I was talking with an ESL teacher earlier in the week. By all accounts, she is an extraordinarily devoted teacher, so I really appreciated her insights.
As we chatted, she wondered how her students were faring with the lack of school. She said this situation was permanently changing us. She said she couldn’t imagine how we would ever go back.
As Donald Trump and the governors talk about opening up businesses and society again, I talk to teachers and observe board of ed meetings every day, and I’m hearing a completely different story. Schools aren’t anticipating going back to normal months from now. They have no idea how they will be able to open schools safety in September — five months from now.
They are talking through various plans, like social distancing students in the classroom, which would mean that they would need double the amount of classroom space. Maybe only half the students will attend school at the same time. Since teachers couldn’t simultaneously teach regular school and Zoom classes, that would probably mean that students would only be educated part time.
They have no idea how they’ll educate students who have regressed by a full year. They have no idea how they’ll provide special education services. They have no idea how they’ll keep older teachers safe.
Individual schools sit around waiting for some guidance from the state about how they are supposed to be managing the situation RIGHT NOW, and they aren’t getting any help. Everybody is out on their own. A few schools are making things work, but most aren’t.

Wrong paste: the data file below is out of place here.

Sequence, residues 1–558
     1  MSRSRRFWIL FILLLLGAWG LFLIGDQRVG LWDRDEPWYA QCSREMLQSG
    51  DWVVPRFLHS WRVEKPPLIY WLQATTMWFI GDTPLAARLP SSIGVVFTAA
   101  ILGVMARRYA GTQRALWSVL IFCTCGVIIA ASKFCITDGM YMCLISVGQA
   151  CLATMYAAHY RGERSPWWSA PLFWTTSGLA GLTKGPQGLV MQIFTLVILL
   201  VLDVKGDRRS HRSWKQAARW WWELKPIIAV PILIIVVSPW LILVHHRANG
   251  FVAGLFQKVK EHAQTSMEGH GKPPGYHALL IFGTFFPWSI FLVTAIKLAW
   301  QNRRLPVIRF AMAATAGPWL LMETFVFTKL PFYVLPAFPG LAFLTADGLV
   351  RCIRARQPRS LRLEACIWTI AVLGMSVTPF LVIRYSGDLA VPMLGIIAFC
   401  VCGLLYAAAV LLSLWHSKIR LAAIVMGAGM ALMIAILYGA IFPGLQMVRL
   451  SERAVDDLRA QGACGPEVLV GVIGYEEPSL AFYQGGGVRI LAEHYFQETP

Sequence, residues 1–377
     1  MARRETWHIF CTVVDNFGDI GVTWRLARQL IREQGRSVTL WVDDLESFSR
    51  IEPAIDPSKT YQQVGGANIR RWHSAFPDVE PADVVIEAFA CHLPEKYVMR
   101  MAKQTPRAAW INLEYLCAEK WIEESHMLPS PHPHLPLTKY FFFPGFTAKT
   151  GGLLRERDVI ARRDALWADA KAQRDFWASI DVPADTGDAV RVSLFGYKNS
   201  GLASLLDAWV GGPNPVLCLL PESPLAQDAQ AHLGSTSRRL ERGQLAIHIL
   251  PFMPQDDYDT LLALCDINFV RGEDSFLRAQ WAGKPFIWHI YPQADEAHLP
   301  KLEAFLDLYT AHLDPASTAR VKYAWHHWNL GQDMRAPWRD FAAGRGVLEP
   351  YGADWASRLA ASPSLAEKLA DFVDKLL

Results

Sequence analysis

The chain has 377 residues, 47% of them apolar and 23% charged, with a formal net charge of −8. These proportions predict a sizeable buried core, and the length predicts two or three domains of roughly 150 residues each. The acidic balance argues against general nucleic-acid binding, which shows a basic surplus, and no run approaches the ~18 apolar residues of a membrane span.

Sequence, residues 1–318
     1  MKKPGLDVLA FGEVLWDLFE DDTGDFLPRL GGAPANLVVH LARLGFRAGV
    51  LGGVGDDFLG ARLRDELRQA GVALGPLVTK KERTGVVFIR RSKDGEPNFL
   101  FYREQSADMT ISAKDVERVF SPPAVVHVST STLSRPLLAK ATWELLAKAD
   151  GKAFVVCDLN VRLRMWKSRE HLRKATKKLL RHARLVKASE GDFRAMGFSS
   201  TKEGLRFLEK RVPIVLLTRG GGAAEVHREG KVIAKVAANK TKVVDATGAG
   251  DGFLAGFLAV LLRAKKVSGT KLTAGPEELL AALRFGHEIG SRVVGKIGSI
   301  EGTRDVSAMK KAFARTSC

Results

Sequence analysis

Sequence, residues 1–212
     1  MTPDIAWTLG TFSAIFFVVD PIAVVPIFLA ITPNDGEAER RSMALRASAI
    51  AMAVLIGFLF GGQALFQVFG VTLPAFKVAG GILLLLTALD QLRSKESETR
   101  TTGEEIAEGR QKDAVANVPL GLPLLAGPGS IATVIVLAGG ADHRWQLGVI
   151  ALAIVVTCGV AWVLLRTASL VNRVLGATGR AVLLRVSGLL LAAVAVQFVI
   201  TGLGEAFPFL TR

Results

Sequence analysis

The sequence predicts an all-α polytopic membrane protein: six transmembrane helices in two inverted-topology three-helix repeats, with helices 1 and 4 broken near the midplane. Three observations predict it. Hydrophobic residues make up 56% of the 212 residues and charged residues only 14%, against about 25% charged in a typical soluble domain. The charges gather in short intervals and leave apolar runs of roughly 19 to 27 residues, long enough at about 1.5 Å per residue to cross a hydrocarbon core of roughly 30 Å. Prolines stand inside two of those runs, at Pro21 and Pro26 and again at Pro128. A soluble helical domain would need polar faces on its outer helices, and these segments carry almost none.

Schools have been duct taped together this spring, but things are slowly falling apart.
Most parents have given their schools a pass so far. Their biggest concerns have been matters like the prom and graduation, but the rumbles of discontent, particularly among parents with younger kids, are growing louder.
I have no idea where we are going. Will an edTech company, like the Khan Academy, step into the void? Will parents revolt? Will there be a mass exit of the most educated parents? What is going to be the long term impact on the most vulnerable students? Will teachers strike if they are forced back into schools this fall?
As scientists warn that we are only in the second inning in dealing with the pandemic, we are also only in the second inning in rebuilding various government functions, like public education, public college, and transportation. Private businesses can just open their doors, but until the schools are back in order, they won’t have any workers or customers.